Meanwhile, Agustín Colussi and colleagues at Caltech have returned to a more basic level of the problem: the fractionation of ions at the air-water interface (a loose proxy for the air-hydrophobe interface) [J. Cheng et al., J Phys. Chem. B 112, 7157; 2008 – paper here]. They have shown previously [J. Cheng et al., J. Phys. Chem. B 110, 25598; 2006] that aggregation of anions at the interface seems to increase with increasing ion radius. They now extend their experimental study to the cases of the large anion PF6- and the highly polarizable IO3-, and look also at the effect of adding methanol, which will migrate to the surface and cap it with methyl groups. The same relationship with ion radius is found, and the fractionation barely depends on the methanol content. The authors conclude that this fractionation happens not because the ions have any affinity with the surface but because they are expelled from the bulk.
Now forget the salts. Esben Thormann and colleagues at the University of Southern Denmark have looked again at a familiar model system: a polystyrene particle several microns across stuck to an AFM tip and brought close to hydrophobic and hydrophilic surfaces [E. Thormann et al., Langmuir doi:10.1021/la8005162 – paper here]. For approaching surfaces in the hydrophilic case, all looks fine: the interactions are described by DLVO theory. But for the hydrophobic case, bridging air bubbles form, as has often been hypothesized, leading to jump-in at a separation of around 10 nm due to the action of the meniscus. When the particle is retracted, the bubble becomes elongated until it ruptures at about 70 nm. In both cases there are also force plateaus at separations of up to a few hundred nm, which the researchers interpret in terms of bridging polymer molecules pulled out from the particle surface. All this argues for caution in regarding the system as a model of the biological case.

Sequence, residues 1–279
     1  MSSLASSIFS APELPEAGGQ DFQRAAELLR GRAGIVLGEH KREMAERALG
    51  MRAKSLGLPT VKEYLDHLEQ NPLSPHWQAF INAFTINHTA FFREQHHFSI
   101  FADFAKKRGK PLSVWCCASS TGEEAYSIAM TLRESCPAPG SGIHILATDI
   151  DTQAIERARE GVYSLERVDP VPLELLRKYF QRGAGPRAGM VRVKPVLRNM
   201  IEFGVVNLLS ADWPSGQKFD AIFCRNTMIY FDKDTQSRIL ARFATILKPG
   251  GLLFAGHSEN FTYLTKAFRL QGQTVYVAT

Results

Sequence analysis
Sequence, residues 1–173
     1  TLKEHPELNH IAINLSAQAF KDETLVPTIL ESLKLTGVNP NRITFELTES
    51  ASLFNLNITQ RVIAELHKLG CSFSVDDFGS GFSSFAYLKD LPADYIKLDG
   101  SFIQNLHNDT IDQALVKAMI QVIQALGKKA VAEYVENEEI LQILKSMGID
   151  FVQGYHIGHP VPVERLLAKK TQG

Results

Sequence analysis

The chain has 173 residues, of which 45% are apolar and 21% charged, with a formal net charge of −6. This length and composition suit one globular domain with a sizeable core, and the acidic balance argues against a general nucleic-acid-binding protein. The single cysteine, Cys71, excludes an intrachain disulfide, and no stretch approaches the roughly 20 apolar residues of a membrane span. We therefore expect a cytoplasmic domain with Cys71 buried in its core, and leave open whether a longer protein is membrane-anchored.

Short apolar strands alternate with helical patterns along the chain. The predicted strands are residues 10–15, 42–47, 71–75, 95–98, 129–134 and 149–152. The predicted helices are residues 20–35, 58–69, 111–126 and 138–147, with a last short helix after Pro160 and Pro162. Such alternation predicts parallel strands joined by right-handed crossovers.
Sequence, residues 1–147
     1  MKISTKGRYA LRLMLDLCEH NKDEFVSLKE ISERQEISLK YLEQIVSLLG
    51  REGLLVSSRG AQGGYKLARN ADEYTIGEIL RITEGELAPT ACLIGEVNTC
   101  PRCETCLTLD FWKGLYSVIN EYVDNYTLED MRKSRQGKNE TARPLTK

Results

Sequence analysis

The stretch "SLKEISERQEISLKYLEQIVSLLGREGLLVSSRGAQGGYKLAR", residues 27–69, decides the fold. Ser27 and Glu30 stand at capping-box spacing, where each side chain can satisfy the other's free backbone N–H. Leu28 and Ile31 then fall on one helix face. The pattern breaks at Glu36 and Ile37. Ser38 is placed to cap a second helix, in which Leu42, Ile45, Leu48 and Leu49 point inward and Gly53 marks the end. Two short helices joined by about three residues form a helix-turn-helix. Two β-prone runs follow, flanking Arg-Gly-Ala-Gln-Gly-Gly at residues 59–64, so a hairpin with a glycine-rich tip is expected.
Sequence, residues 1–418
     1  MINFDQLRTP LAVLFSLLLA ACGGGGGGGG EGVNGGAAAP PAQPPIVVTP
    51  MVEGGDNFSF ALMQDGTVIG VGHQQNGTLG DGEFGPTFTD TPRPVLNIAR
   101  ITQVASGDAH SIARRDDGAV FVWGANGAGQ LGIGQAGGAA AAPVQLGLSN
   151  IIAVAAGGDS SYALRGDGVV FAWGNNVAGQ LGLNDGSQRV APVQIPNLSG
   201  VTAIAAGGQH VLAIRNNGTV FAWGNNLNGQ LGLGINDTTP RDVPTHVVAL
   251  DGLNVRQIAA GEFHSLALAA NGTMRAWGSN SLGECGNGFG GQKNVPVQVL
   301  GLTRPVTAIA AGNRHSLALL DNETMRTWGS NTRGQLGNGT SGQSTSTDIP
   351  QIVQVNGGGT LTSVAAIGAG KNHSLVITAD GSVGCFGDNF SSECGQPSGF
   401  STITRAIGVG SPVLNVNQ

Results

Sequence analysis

Let’s stick with these model surfaces for a bit. Some time ago I mentioned some ‘curious’ results of Andrei Sommer and colleagues at the University of Ulm on irradiation of water films on diamond. I found some difficulty there figuring out what the underlying hypothesis was. Andrei has now sent me more material on this. The basic motivation for the work is the fact, known for some time but unexplained, that the surfaces of diamond are somewhat conductive. Andrei and colleagues believe this is due to proton migration in thin surface films of water, which are formed in humid conditions. Their experiments [A. P. Sommer et al., Cryst. Growth. Design 7, 2298; 2007] show that for hydrogen-terminated diamond, the conductivity drcreases with increasing humidity. They think this is because the highly ordered water films that form at low humidity are disrupted, degrading proton motion, as the films get thicker. This idea challenges the widely accepted model for the surface conductivity, called the transfer doping model [M. I. Landstrass & K. V. Ravi, Appl. Phys. Lett. 55, 975; 1989], which would predict increased conductivity with increased humidity. Andrei and colleagues have recently debated this point with John Angus and colleagues in Science [V. Chakrapani et al., Science 318, 1424; 2007].